House Republicans Friday were mulling a border supplemental spending bill that would give President Obama only a fraction of his $3.7 billion request, but a looming fight over a 2008 deportation law now threatens to derail any deal at all.

Democrats were already likely to balk at the small size of the $900 million spending package Republicans are currently mulling. But Democrats have complicated the deal by walking back their initial support for provision in the bill that would make it easier to speed deportations of children back to their homes in Central America.

President Obama endorsed the change in a June 30 letter to Congress, asking them for the power to fast-track deportations of children back to home countries that don't border the United States. The president is confronted with an unprecedented surge at the border. Federal officials said 61,000 unaccompanied minors have come here since October, most from Honduras, El Salvador and Guatemala.

A 2008 law aimed at curbing sex trafficking, however requires minors who arrive here from noncontiguous countries to receive court hearings that can take years due to a significant backlog.

Like Obama, Democrats initially seemed amenable to the change in the law, which was passed when far fewer minors were crossing into the United States.

In a July 10 interview with reporters, House Minority Leader Nancy Pelosi, D-Calif., said while she does not personally support changing the law to speed deportations, “It's not a deal breaker.”

But both Democrats and Obama changed their stance after an angry backlash from immigrant rights advocates and others, including the American Civil Liberties Union, who said changing the law could endanger the children and deny them due process.

“That would be a very bad thing, not just for the kids who would be sent back to the dangerous conditions they risked their lives to escape, but for the nation and what it says about how we treat the most vulnerable among us,” ACLU policy adviser Georgeanne M. Usova wrote earlier this month.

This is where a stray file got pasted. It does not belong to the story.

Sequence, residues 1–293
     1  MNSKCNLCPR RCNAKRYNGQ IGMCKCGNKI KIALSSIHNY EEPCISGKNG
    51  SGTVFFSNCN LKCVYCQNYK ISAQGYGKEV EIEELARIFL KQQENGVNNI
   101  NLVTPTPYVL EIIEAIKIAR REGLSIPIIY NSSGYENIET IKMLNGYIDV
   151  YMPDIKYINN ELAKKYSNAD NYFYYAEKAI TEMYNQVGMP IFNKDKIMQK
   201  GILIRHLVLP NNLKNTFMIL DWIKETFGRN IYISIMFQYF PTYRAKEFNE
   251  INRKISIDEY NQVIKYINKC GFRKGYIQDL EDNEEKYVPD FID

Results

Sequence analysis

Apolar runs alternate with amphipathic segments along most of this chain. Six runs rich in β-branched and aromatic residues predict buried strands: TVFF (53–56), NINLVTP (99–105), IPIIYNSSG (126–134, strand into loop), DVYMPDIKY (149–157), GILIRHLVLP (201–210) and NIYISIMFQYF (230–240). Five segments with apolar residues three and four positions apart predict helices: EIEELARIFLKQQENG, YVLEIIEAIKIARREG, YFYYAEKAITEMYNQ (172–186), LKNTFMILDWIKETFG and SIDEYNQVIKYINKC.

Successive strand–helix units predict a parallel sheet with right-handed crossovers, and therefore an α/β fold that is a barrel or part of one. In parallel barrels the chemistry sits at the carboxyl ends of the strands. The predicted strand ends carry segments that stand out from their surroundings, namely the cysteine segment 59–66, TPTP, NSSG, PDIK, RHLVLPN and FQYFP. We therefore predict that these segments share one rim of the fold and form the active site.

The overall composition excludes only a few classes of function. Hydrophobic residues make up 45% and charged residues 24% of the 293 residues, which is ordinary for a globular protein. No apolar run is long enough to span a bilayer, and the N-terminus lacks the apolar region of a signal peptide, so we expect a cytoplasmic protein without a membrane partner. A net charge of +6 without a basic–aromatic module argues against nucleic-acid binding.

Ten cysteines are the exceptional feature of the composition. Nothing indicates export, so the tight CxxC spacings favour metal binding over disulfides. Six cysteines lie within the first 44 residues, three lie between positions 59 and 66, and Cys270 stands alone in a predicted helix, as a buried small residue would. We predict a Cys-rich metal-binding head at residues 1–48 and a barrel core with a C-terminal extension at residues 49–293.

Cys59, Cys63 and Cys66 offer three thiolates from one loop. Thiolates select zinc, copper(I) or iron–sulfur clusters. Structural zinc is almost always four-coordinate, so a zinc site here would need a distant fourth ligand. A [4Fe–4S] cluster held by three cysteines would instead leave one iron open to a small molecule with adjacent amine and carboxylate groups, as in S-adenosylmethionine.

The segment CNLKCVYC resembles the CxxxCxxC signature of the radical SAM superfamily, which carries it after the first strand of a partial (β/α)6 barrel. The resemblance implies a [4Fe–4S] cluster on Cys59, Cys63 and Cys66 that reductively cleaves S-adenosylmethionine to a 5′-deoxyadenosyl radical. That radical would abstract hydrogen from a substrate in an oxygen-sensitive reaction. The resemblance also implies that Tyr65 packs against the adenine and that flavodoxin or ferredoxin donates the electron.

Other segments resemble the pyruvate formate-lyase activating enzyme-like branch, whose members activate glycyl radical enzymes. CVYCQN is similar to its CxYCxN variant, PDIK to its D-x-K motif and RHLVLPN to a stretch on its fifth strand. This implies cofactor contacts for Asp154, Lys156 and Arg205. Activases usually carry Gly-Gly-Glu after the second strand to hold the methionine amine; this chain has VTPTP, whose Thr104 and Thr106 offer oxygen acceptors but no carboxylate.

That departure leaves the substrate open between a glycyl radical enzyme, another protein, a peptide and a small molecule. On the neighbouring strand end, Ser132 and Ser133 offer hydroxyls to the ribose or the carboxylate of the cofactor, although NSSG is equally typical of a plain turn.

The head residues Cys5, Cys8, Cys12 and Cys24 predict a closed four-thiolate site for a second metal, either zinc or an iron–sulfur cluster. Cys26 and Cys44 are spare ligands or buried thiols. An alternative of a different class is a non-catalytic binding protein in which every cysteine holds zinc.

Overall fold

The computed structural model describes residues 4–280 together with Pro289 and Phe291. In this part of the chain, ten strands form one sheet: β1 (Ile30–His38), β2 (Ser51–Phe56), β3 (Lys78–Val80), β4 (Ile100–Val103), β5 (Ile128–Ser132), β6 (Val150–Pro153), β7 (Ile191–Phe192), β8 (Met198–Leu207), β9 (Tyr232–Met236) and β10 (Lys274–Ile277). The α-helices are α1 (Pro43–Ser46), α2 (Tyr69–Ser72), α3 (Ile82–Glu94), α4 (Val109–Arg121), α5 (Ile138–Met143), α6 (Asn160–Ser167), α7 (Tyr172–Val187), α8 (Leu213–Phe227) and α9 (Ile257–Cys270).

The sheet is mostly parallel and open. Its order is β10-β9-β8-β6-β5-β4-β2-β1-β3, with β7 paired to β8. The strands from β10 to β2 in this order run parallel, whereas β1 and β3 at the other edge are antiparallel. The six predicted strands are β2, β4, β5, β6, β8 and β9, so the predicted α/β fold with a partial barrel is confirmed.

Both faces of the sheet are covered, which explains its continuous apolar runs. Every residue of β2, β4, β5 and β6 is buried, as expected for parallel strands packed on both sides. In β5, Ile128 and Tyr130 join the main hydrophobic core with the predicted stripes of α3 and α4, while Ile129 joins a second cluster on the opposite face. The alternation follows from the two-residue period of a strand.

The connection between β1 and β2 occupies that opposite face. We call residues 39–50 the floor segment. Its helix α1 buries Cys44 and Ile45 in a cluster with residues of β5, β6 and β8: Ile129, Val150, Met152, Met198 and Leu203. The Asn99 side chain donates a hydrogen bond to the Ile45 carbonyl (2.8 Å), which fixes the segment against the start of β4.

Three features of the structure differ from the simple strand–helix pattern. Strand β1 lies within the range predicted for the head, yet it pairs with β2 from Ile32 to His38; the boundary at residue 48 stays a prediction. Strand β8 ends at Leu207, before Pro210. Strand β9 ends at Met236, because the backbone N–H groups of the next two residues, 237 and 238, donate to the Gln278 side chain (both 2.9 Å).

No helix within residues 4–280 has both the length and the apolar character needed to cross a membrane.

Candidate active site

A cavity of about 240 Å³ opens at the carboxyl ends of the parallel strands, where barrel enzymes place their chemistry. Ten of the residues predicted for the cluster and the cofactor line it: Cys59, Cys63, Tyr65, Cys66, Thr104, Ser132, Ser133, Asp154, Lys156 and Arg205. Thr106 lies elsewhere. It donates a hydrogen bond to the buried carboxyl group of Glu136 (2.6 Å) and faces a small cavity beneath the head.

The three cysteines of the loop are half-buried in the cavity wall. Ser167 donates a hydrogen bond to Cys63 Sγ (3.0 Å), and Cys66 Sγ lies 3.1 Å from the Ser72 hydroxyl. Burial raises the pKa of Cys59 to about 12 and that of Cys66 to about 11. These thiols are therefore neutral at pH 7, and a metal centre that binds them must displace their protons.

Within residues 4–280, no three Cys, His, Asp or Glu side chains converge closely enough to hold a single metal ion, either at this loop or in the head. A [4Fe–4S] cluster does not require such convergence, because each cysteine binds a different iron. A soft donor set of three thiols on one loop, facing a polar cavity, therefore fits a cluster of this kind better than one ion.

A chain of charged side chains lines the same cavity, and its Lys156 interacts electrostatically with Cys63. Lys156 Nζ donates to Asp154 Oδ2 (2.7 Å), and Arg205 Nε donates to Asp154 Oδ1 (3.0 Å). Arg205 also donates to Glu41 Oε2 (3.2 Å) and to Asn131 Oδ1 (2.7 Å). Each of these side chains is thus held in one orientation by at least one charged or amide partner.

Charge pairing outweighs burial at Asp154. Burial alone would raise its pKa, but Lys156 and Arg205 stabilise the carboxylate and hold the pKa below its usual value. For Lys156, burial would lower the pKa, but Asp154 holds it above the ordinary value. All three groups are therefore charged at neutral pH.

Obama has gone suddenly silent on the issue, while most Democratic lawmakers say they now oppose changing the law.

The Senate bill, authored by Appropriations Chair Barbara Mikulski, D-Md., leaves out any mention of the 2008 deportation law. Mikulski said a provision to change the law doesn't belong in an appropriations measure.

Pelosi echoed Mikulski on Friday.

If Republicans want to change the law, Pelosi said, they should take it up in separate legislation and leave it out of the border spending package.

“I very firmly believe that it would be a mistake for us to do immigration law in a supplemental bill,” Pelosi said. “You’re not supposed to be legislating on an appropriations bill.”

House Republicans, meanwhile, plan to put a provision to change the law in their funding bill.

That would leave the House bill at odds with the Senate legislation and it likely means House Republicans will need most of their members to back the bill, since Democrats won’t vote for it because of the provision.

With a group of conservative House Republicans opposed to giving Obama any money at all, the fate of the bill is now uncertain.

House legislation hasn’t been scheduled for a floor vote next week, the final days before Congress adjourns for the summer.

“Members should be prepared for possible consideration,” House Minority Whip Kevin McCarthy, R-Calif., said Thursday.